I've been doing this for the chana masala I like to make (has a lot of pulverized garlic). I don't find it necessary when making a vinaigrette with a stick blender.

 

It's also handy if you ever want to put a garlic clove into a sous-vide bag. Completely raw garlic risks turning the whole meal into a tire fire, but a little preheat can tame it nicely. 

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Notes from the underbelly

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After years of using a garlic press or mincing by hand, I have begun to thinly (think: shave) peeled cloves when garlic is going to be cooked.   The flavor is mild and sweet, and it's a lot easier than the former.     I also have been able to source superb garlic at a Kroger's affiliate.    I don't know if it's local or corporately sourced but it is very reasonable, fresh, delicious.

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eGullet member #80.

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48 minutes ago, Margaret Pilgrim said:

I have begun to thinly (think: shave) peeled cloves when garlic is going to be cooked.

 

You and Paulie...

 

 

In the same general idea, I have begun using one of my microplanes.

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Mitch Weinstein aka "weinoo"

Tasty Travails - My Blog

My eGullet FoodBog - A Tale of Two Boroughs

Was it you baby...or just a Brilliant Disguise?

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I smash. Lightly for slices, aggressive smash for a mince. A few garlic bulbs are in a small bowl right next to my prep zone at all times. I tried the double bowl once. By the time I found two bowls the same size in my 2 dozen stack in the lower cabinet---I could have smashed and be done with it. It did not work that well with my garlic. 50/50. Then I have two bowls that need wiping out of debris. 

When I have 20-30 heads I low and slow roast. Pop out and freeze.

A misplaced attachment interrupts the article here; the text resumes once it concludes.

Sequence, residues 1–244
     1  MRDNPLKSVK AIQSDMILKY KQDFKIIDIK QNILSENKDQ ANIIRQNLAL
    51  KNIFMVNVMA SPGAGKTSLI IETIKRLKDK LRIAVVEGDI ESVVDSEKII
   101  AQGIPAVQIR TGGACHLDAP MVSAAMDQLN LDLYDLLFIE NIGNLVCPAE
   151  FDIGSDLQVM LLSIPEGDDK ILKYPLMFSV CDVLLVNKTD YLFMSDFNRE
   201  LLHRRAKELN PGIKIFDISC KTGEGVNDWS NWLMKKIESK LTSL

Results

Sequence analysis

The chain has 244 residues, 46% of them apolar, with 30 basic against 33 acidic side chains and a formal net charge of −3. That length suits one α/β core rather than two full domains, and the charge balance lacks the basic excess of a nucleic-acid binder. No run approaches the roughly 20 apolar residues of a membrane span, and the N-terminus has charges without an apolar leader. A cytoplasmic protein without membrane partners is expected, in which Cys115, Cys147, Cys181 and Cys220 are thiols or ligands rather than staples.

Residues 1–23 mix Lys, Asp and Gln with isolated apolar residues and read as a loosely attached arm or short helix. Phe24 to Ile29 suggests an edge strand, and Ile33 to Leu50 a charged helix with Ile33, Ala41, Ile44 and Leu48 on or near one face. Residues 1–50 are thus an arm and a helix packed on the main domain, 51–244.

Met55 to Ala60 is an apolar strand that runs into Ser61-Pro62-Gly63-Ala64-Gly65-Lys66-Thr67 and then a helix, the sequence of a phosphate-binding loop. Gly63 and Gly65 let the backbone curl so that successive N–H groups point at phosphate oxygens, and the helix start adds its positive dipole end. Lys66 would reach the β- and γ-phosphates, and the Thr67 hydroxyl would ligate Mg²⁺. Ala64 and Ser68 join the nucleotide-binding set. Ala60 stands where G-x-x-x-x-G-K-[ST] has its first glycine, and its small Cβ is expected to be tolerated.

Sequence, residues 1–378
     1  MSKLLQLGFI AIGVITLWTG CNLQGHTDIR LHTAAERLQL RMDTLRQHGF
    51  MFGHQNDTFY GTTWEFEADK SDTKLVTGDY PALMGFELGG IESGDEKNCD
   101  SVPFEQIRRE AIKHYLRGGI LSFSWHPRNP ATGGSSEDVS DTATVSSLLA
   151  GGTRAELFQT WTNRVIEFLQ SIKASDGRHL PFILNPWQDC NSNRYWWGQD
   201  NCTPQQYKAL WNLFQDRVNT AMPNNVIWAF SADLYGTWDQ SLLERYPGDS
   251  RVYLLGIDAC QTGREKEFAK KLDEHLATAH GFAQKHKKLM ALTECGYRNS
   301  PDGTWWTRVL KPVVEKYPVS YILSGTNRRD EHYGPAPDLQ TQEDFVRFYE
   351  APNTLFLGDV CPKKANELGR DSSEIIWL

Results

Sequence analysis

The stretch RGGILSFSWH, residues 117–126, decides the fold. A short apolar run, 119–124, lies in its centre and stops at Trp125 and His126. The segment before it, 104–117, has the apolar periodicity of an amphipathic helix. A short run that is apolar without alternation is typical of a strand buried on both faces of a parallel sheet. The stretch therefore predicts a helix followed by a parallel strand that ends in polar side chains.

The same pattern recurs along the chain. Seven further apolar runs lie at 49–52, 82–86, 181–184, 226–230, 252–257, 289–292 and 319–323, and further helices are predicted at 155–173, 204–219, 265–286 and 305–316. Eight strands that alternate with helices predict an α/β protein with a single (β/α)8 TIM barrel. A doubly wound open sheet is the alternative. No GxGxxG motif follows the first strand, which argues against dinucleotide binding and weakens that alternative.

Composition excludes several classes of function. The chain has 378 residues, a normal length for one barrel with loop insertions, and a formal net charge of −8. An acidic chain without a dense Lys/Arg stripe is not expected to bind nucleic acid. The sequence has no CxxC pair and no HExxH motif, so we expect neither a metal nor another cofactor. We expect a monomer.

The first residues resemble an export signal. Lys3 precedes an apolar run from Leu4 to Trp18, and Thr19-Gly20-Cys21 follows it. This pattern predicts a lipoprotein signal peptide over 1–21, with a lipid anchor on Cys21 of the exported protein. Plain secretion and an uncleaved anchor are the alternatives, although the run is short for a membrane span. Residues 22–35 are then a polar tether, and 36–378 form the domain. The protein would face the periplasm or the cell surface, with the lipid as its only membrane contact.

I will try the microwave. I have a baby pint size in the pantry I use maybe once a month. If that. 

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If I don't need to tame the enzymes, I just give a light whack with a  knife or bench scraper. Just enough to crack the shell so it slips off.

 

Not a fan of smashing. I find the traditional technique of smash and rock-chop-to-death isn't any faster than just mincing, and doesn't give much control or consistency. So I'll often treat garlic just like a little onion. With a sharp knife you could also get slices as thin as Paulie's but in a fraction the time. I've just haven't yet needed transparent garlic slices.

 

 

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Notes from the underbelly

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5 minutes ago, gfweb said:

However you cut it do not frigging burn the garlic.

 

Not even a little.

 

Damnit

There's nothing that turns me off quicker on a restaurant than burnt garlic or over cooked shrimp.

Edited by Tropicalsenior (log)
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Buying Tip - Pick the bulb up and give it a light squeeze to be sure none of the outside cloves are too soft or dry. It should feel firm and not hollow or dehydrated. Also keep an eye out for sprouting, which is another indicator that the garlic is old. 

Edited by Timothy_Boyce (log)